The market got hammered yesterday. I think a lot of it had to do with the noise from higher yields – which have come down precipitously – to an aggressive Fed. And now we have this 1930s style global trade war overshadowing an American economic revival that many thought was a relic of the past.

Listen, folks. The Trump administration isn’t talking about reenacting the Smoot-Hawley Tariff Act and hitting 20,000 items with import tariffs. It’s about cheap steel that comes into America nefariously and has roiled our manufacturing base. The goal is to curb Chinese dumping by applying a 25% tariff on steel and 10% on aluminum, both of which could be implemented as early as next week.

However, tariffs, which are essentially an import tax, may make the price of doing business in the U.S. higher and also impede growth. While this may be good for the steel and aluminum businesses, tariffs might not be the best way to help workers.

No one wants a full-scale trade war, especially China with their debt having climbed from $6 trillion in 2007 to $29 trillion today – that’s 260% of the Gross Domestic Product (GDP) last year. The good news is I don’t expect any potential tariff to have a real impact on the economy, and I also don’t believe we’ll see a trade war.

But now that the Wall Street Journal has declared potentially targeted tariffs a mistake on par with the Bay of Pigs, I’m feeling more confident this might be the right move. I don’t think Canada should be covered. However, it’s time to send a message instead of bellyaching about how unfair and mean China is while accepting unfair actions that hurt our economy.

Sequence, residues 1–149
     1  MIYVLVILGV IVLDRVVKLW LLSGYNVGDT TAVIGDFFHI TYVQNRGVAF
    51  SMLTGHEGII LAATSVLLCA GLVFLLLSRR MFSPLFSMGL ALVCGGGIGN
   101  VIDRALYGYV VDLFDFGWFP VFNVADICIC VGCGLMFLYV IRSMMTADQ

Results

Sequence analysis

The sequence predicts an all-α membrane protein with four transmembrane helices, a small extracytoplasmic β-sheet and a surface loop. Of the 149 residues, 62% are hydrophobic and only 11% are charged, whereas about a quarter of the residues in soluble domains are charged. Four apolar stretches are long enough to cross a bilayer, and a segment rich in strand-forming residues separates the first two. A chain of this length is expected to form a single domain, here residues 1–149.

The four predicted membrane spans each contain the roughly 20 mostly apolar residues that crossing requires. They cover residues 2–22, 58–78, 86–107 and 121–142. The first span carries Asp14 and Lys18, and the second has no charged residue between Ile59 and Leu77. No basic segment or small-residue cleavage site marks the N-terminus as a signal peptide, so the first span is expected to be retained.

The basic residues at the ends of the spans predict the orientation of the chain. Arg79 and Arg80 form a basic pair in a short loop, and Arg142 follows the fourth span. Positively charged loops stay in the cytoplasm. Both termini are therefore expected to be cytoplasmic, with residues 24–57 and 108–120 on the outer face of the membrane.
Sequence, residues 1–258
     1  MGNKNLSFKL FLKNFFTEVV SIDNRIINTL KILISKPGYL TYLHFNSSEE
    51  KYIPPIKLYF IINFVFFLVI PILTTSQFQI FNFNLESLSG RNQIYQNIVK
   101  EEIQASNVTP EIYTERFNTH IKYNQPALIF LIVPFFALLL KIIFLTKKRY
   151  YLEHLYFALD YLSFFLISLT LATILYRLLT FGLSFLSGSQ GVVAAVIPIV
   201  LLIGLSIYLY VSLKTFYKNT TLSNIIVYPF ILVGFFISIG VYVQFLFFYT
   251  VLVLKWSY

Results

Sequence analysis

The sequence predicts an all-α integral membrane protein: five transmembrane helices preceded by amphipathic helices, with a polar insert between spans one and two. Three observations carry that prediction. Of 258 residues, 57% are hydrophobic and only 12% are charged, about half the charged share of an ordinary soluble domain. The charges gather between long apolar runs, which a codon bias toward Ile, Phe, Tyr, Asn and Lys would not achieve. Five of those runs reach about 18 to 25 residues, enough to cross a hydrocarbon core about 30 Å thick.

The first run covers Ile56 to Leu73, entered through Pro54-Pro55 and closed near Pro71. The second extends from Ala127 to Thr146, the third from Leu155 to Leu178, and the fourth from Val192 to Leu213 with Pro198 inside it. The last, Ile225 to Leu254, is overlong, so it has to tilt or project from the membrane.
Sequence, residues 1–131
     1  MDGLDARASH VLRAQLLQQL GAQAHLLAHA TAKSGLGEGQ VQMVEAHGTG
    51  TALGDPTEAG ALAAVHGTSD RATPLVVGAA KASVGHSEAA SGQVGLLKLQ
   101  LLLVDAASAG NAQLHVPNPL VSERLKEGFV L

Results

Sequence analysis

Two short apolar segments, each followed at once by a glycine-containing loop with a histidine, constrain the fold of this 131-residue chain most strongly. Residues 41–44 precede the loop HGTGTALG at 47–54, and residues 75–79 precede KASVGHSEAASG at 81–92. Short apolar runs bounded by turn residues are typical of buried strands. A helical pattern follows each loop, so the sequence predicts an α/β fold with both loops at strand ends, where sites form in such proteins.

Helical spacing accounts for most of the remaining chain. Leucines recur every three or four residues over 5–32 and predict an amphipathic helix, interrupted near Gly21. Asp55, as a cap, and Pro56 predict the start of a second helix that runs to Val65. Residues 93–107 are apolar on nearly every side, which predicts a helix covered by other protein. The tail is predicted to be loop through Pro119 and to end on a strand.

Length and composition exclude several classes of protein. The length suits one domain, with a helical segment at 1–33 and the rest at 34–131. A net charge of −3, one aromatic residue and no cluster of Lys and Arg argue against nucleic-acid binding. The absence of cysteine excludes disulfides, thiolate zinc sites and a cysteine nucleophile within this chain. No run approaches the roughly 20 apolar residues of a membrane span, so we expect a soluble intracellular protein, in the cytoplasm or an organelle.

I had suspected there was a chance of the indices re-testing their recent lows, and when key support on the Dow at 25,000 failed to hold late on Wednesday that become more of a possibility. Whether we do or don’t, what’s important to keep in mind is that these emotional gyrations belie the fundamental value proposition to own shares of great American companies. And I am confident there is a lot of money to be made when the market rebounds.

The current volatility isn’t a reflection of underlying fundamentals or upside potential. There have been few disappointments with recent economic data – figures out just yesterday sent the Atlanta Fed’s GDP estimate surging from 2.6% to 3.5% – and earnings continue to be phenomenal. Therefore, the smartest move is to hold tight.

It’s time to adjust to the fact that last year’s idyllic days of zero volatility are over. However, the bull market is here to stay. I’m licking my chops and am ready to make the kind of purchases that allow investors to outperform the indices, but I also understand there are losers in the market that have nothing to do with this temper tantrum. Our strategy will be to move on from those with broken fundamentals while also taking profits in certain high-beta names in order to raise money and mitigate anxiety. Then, we can put our cash back to work.